Swans can be seen on the refuge during spring and fall. There are 3 species that spend time on the refuge; the trumpeter, tundra and mute swan. The most abundant are the tundra swans. They don't nest here, but can be seen during the migration. Mute swans are an exotic species. Trumpeters were extirpated from Wisconsin in the early 1900's. In 1994, 25 cygnets were reared on the refuge in hopes of establishing a breeding population. Eggs were removed from nests in Alaska and transported to the Milwaukee Zoo where they were hatched in incubators. Cygnets were then released in the wild and "reared" by Department of Natural Resources interns who led them around selected wetlands using a swan decoy.

Karner blue butterflies can be seen on our oak barrens which have an abundance of wild lupine. Each year, 2 generations of this butterfly hatch, and adult butterflies emerge in late May-early June and in late July-early August. Wild lupine is critical to the butterfly because the Karner larvae feed exclusively on lupine. The adults rely on lupine and a variety of other wildflowers for their food, feeding on the nectar. The Karner blue butterfly is an endangered species. Killing or molesting the butterfly or destroying its habitat is a federal offense; fines of up to $10,000 and/or 1 year in jail can be levied.

Sandhill cranes are common on the refuge and can be seen near wetlands or in open fields. They arrive in mid to late March and leave in October-November for warmer climates.

Eagles are common on the refuge. Bald eagles are the most common and can be seen year-round near the open water. Golden eagles are present year-round, but are more likely to be seen in fall and winter.

Hawks and owls are common sights during spring, summer and fall. Red-tailed hawks, harriers and kestrels are the most abundant. Great-horned owls are present throughout the year, and can be seen or heard most often at dawn or dusk.

Ducks are very common on the refuge. Nesting species include the mallard, wood duck, blue winged teal, and black duck. Large numbers of ducks congregate on the refuge during the fall. They can be seen on the Sprague-Mather and Goose Pools and from the observation tower and nearby nature trail.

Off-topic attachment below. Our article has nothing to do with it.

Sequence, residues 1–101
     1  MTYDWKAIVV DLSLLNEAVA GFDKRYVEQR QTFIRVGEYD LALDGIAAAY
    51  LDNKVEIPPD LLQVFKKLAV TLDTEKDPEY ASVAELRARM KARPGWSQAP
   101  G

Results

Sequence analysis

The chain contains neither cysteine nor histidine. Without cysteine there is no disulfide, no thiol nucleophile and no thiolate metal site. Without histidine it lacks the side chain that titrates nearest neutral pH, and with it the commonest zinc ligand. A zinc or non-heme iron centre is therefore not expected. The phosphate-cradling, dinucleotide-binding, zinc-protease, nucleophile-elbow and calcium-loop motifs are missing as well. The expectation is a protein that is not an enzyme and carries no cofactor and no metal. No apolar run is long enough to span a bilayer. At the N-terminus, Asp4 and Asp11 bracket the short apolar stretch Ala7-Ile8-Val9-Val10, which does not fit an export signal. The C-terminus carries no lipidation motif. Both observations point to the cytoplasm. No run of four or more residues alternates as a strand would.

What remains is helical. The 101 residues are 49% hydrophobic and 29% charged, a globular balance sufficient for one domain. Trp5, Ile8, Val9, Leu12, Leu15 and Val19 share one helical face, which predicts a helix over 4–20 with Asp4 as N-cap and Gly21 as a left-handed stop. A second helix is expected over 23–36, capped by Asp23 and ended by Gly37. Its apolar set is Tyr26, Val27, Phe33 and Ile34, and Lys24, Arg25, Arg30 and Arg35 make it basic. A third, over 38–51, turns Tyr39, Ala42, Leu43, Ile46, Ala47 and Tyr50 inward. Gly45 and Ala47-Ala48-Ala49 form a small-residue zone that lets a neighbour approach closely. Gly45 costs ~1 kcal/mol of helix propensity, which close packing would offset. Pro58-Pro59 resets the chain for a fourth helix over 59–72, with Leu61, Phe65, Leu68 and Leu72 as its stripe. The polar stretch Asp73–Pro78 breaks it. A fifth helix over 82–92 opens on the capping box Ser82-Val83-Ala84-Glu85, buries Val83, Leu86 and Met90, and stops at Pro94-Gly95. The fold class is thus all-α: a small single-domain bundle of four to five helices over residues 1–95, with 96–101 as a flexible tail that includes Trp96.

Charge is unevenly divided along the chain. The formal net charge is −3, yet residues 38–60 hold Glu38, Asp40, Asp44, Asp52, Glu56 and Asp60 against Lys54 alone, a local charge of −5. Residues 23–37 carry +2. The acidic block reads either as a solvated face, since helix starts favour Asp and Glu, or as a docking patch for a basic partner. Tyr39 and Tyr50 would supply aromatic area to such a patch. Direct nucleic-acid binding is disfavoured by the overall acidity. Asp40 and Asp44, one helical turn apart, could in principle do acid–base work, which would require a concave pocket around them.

White-tailed deer can be seen in fields, on the roadsides, and in refuge barrens year-round.

Songbirds can be found throughout the refuge. Ground nesting birds such as bobolink and meadowlark, and shrub nesters like the gray catbird and brown thrasher are common in refuge barrens during mid-June. Canopy nesting species such as the northern oriole, scarlet tanager, and wood peewee can also be seen on the refuge.

For additional information, contact:
                 Refuge Manager
                 Necedah National Wildlife Refuge
                 W 7996 20th Street West
                 Necedah, Wisconsin 54646-7531
                 Telephone: 608/565-2551

Equal opportunity to participate in, and benefit from, programs of the U.S. Fish and Wildlife Service is available to all individuals regardless of age, race, color, national origin, religion, sex or disability. Persons who believe they have been discriminated against in any program, activity or facility operated by the U.S. Fish and Wildlife Service should contact:
                 U.S. Department of Interior
                 Office for Equal Opportunity
                 1849 C Street, N.W.
                 Washington, DC 20240